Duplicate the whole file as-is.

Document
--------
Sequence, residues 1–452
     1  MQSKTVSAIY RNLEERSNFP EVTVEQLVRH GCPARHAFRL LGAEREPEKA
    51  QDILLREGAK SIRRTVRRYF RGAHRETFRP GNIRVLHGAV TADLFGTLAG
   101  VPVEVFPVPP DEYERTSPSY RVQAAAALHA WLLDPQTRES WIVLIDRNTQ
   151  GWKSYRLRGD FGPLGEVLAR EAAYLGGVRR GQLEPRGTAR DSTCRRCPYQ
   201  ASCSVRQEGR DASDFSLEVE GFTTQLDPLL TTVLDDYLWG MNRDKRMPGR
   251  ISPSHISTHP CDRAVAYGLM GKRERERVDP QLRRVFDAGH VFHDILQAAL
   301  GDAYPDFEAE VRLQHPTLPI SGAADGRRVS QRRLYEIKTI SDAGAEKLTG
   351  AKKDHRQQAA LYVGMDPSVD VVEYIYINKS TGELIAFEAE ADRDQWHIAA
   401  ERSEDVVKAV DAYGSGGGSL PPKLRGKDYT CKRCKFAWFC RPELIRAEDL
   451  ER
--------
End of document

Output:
Sequence, residues 1–452
     1  MQSKTVSAIY RNLEERSNFP EVTVEQLVRH GCPARHAFRL LGAEREPEKA
    51  QDILLREGAK SIRRTVRRYF RGAHRETFRP GNIRVLHGAV TADLFGTLAG
   101  VPVEVFPVPP DEYERTSPSY RVQAAAALHA WLLDPQTRES WIVLIDRNTQ
   151  GWKSYRLRGD FGPLGEVLAR EAAYLGGVRR GQLEPRGTAR DSTCRRCPYQ
   201  ASCSVRQEGR DASDFSLEVE GFTTQLDPLL TTVLDDYLWG MNRDKRMPGR
   251  ISPSHISTHP CDRAVAYGLM GKRERERVDP QLRRVFDAGH VFHDILQAAL
   301  GDAYPDFEAE VRLQHPTLPI SGAADGRRVS QRRLYEIKTI SDAGAEKLTG
   351  AKKDHRQQAA LYVGMDPSVD VVEYIYINKS TGELIAFEAE ADRDQWHIAA
   401  ERSEDVVKAV DAYGSGGGSL PPKLRGKDYT CKRCKFAWFC RPELIRAEDL
   451  ER